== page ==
The only downside is that there are some precautions and possible side effects of taking Pycnogenol especially if you suffer from certain ailments or take certain medications. Side effects are said to be uncommon especially with the more common lower doses but in higher doses, it may cause fatigue, headache, gut problems, irritability, dizziness or mouth ulcers although these side effects are considered rare for the most part.
Pycnogenol isn’t really suitable for those with autoimmune diseases (might make the immune system more active), people taking blood thinners or people with bleeding conditions. Even those with diabetes should be cautious because high doses could decrease blood sugar too much.
It should be avoided by pregnant or breastfeeding mothers and it also shouldn’t be taken if you’re undergoing surgery as it may slow blood clotting. It may also affect other medications too so all in all, it’s probably best to check with your doctor first before taking it in case you have any medical conditions or take any medication that Pycnogenol may affect in a negative manner.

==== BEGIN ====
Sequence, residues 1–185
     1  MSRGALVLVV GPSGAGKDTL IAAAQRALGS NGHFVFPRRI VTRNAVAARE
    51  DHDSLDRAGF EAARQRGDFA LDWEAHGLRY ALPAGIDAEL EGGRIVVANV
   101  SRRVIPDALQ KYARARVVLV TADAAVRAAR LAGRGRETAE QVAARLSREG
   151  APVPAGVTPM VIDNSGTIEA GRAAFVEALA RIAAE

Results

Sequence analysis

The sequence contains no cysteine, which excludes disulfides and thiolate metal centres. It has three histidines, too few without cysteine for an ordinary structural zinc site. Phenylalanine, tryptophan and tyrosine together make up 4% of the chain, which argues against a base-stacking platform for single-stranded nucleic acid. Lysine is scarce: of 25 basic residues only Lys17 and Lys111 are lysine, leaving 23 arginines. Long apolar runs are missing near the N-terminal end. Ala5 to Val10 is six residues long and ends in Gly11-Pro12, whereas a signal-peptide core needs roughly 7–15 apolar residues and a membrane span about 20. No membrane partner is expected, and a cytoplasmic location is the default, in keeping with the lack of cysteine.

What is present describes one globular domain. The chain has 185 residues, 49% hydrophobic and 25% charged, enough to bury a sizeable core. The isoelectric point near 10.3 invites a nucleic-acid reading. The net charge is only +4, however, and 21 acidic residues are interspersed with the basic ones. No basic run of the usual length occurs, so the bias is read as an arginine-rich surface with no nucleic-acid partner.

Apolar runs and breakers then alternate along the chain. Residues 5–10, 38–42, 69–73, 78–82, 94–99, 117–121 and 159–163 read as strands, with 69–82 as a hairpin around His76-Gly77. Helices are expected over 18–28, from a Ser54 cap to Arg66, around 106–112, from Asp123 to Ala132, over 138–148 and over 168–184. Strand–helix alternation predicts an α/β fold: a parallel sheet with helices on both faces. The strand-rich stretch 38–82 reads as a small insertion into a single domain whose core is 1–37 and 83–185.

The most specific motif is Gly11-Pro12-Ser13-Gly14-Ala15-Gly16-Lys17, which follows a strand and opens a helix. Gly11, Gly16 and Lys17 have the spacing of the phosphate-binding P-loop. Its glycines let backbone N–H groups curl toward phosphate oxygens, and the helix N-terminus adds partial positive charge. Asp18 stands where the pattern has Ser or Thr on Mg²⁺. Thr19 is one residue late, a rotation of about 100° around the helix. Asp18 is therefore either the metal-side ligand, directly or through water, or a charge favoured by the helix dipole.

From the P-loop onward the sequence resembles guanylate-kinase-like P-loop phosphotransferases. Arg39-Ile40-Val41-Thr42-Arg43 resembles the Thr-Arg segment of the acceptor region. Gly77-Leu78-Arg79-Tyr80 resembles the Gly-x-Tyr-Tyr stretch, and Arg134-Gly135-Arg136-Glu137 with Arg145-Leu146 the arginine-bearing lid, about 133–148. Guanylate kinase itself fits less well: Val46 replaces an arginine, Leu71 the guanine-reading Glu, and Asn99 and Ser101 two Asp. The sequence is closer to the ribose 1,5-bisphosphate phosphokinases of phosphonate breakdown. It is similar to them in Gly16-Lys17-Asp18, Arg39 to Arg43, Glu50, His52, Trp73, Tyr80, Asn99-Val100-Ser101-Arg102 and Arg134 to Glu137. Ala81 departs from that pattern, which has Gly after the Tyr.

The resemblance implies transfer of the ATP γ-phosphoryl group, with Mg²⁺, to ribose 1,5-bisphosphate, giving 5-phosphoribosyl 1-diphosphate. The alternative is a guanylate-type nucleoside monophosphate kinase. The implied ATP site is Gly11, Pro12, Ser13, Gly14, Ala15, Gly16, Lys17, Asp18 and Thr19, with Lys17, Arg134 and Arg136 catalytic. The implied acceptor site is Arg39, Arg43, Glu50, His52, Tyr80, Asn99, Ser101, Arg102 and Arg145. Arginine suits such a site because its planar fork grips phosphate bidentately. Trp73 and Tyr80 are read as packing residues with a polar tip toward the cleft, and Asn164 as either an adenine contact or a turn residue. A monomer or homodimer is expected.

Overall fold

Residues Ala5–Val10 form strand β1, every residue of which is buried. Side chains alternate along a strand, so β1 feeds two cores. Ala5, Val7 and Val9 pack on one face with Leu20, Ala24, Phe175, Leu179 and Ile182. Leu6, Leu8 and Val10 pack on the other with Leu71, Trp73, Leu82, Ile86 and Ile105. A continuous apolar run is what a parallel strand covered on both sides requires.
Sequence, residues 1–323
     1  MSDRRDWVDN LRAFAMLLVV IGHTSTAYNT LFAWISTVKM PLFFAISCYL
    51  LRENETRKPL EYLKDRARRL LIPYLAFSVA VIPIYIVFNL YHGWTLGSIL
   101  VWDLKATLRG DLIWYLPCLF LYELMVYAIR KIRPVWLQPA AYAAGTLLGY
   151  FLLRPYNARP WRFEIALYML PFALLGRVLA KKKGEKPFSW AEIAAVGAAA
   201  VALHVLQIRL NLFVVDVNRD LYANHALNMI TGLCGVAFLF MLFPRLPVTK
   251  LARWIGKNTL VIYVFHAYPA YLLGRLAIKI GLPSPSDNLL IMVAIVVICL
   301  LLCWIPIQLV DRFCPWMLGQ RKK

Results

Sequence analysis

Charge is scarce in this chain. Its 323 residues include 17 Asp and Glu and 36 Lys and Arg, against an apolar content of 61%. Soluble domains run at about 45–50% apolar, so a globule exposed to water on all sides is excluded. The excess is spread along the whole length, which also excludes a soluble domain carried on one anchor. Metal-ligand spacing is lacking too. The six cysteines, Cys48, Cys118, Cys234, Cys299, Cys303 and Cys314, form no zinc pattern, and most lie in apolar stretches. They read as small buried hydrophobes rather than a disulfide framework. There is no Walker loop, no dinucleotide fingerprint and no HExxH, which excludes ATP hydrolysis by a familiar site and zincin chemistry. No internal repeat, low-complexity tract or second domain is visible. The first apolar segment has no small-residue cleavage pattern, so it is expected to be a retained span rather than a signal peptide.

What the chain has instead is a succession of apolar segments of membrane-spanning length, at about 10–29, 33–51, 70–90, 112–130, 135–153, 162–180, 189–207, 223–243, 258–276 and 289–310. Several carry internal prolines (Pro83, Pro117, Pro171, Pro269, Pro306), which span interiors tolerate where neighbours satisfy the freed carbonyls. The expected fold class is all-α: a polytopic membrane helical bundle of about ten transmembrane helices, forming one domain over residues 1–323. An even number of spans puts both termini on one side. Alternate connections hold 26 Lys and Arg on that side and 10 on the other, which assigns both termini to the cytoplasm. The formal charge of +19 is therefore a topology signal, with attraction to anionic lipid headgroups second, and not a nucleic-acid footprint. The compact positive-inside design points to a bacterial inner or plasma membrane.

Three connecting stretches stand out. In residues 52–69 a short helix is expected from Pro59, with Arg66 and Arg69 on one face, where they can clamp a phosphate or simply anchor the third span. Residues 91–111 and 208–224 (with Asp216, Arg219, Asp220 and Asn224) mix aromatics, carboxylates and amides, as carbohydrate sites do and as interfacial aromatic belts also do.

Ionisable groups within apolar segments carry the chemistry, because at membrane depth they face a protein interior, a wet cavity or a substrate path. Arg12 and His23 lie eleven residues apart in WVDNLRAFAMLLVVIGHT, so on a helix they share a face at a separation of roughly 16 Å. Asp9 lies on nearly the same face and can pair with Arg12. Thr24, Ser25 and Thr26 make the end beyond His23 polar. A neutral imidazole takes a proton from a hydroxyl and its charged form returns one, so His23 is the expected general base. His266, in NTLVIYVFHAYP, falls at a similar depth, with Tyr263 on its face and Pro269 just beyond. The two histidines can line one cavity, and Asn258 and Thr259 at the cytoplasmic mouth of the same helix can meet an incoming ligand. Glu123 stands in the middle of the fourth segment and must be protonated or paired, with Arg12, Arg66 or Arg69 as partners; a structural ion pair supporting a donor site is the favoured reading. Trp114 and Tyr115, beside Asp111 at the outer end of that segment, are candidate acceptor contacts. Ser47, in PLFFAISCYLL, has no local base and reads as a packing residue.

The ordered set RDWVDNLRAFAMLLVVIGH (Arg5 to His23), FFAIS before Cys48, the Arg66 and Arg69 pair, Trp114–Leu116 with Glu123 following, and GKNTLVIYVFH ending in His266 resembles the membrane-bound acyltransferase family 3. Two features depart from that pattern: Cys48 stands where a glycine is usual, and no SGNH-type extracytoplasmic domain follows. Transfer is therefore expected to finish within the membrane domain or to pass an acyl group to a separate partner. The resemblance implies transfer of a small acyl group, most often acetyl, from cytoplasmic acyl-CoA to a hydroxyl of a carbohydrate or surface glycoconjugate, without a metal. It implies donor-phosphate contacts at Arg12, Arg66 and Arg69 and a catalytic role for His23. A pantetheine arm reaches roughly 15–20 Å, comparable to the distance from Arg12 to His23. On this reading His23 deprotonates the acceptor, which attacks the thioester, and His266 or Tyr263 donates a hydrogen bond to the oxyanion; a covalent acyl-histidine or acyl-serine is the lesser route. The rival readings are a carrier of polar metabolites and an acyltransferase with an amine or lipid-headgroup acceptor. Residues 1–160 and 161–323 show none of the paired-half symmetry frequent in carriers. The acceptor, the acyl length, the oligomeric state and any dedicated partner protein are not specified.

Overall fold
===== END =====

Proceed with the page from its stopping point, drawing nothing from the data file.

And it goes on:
I’m still pretty surprised that I’d never heard of this stuff before now but there’s certainly no question that it has a lot to offer from an anti-aging perspective both internally and externally. Those who do take it swear by it and as such it’s something I’ve now added to my daily routine which I will write about in more depth after a few months of use particularly if I notice any significant changes. I did, however, speak to my doctor first to get her opinion and also got her advice about dosage just to be safe and I would definitely recommend anyone thinking of taking this or any other dietary supplement for that matter to do exactly the same.
Have you ever used Pycnogenol and if so what was your experience and what effects did it have on you. I’d love to hear all about it so please feel free to leave your stories in the comments section below.